Microbe et Gasoil: A fountain of youth for Michel Gondry
by Fabien Lemercier
- This outstanding film from the whimsical French director on the friendship and misfortunes of two young teenagers is refreshing, funny and touching
What is normal? At a time when the younger generations are only too happy to conform and cuttingly relegate the more rebellious of their peers to the despised category of “outsiders”, highly original French filmmaker Michel Gondry’s focuses on this issue superbly in his new piece Microbe et Gasoil [+see also:
film profile], reminding us with very forthcoming good humour that differences between children on the cusp of adolescence are more a sign of intelligence that anything else.
Gleefully diving into the autobiographical style and bringing his youth spent in Versaille to the surface, which he modernises with ease, the director of the legendary Eternal Sunshine of the Spotless Mind (which won the Oscar for Best Original Screenplay in 2005) brings fans of his off the wall, consistently poetic works a very simple film which hits its mark dead on, a rejuvenating experience that mixes touching realism and a refreshing dose of imagination in a pretty near perfect balance of his tendency for over the top tangents with his interest in portraying the fragile side of human beings and their doubts when faced with the social demands of living. Once again using the theme of escape, Gondry succeeds in channeling his vivid imagination without actually straying from the beaten path when these young school-age heros, Daniel (Ange Dargent) and Théo (Théophile Baquet), the Microbe and Gasoil of the film’s title, throw themselves into the eccentric construction of a shack on wheels and set off in search of adventure, taking to the roads of France in a series of events and comical encounters that are milestones in a beautiful and dazzling friendship and mark the beginning of the pair’s adolescence.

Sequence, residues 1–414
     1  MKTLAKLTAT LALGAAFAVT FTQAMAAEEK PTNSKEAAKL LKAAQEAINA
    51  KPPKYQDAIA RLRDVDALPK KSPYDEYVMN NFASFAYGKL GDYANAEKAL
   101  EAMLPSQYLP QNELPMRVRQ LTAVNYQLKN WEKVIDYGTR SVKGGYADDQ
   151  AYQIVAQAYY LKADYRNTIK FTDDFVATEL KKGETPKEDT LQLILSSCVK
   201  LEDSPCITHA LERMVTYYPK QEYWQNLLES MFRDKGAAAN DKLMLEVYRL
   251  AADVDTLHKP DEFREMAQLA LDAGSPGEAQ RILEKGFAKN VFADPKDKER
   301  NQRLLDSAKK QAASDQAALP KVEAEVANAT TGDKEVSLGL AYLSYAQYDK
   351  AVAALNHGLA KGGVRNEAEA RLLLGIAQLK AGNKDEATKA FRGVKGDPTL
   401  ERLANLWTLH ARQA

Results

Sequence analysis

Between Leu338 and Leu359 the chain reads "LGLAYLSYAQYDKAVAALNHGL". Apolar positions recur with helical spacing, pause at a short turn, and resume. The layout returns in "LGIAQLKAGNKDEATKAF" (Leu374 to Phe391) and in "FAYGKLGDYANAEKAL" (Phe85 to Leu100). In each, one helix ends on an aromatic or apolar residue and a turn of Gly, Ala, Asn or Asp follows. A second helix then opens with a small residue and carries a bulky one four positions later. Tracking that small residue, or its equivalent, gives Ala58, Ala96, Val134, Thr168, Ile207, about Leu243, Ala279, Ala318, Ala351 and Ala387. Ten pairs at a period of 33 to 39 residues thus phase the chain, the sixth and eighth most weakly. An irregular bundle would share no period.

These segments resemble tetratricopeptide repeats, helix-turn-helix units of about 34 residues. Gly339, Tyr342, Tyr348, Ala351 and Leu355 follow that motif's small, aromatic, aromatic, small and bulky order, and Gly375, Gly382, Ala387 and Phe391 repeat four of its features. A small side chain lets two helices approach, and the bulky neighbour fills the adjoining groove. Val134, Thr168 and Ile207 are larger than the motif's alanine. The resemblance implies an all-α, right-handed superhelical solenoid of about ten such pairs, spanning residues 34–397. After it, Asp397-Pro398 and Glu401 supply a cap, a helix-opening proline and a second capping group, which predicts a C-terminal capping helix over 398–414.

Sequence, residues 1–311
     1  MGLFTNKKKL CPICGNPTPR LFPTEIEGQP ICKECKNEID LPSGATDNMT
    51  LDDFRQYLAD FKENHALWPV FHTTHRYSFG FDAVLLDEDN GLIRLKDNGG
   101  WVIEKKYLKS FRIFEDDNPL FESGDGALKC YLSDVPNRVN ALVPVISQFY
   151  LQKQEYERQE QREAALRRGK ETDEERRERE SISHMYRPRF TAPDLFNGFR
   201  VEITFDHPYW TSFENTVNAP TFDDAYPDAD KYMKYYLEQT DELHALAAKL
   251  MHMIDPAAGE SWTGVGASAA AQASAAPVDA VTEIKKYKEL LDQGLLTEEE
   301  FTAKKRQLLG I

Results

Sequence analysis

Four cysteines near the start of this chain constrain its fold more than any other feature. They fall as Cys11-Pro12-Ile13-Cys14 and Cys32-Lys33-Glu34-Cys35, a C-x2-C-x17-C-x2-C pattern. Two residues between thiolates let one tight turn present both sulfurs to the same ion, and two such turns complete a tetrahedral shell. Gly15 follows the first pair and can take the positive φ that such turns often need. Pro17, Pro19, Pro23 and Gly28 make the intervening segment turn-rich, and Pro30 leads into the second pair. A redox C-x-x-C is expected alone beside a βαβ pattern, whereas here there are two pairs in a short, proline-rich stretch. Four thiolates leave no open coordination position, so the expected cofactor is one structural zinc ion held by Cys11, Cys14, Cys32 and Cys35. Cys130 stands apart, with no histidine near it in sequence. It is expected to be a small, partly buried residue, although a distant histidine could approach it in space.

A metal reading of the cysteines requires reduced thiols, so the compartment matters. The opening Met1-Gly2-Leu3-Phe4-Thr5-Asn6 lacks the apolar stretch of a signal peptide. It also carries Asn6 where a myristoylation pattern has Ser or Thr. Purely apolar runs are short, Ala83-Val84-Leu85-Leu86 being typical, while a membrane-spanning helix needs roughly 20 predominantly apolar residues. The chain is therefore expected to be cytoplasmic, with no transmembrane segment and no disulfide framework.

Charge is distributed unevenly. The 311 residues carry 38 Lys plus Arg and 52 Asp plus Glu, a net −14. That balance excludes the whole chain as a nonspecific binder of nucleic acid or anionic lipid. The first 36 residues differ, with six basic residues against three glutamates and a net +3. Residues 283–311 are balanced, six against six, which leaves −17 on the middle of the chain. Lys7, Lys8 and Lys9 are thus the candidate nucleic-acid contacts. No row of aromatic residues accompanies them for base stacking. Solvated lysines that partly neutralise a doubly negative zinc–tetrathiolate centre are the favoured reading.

Microbe is very small for his age (13 – 14 years old) and his long hair often means he is mistaken for a girl. His school years unfold like clockwork, producing accomplished drawings on his own, dreaming (without knowing how to make it a reality) of turning his platonic friendship with Laura (Diane Besnier) into something more, playing football with his younger brother with whom he shares a room, and his everyday life as a member of a middle-class boho family, with a mother (Audrey Tautou) wracked with depression and obsessed with reincarnation, and a brother who’s a hard rock enthusiast. But everything changes with the arrival of new classmate Gasoil, the audacious, boastful, handy and well-educated son of a rather disagreeable antique/scrap metal dealer. The two young "outsiders" become friends and, with the school holidays fast approaching, decide to build an incredible shack on wheels. Duping their parents, they then take to the roads in it, at snail’s pace, resulting in hilarious episodes fuelled by a great soft spot on Michel Gondry’s part for these two “outsiders” of a very tender, inventive, open and tentative age at which “the sum of its parts can be greater than the whole".
(Translated from French)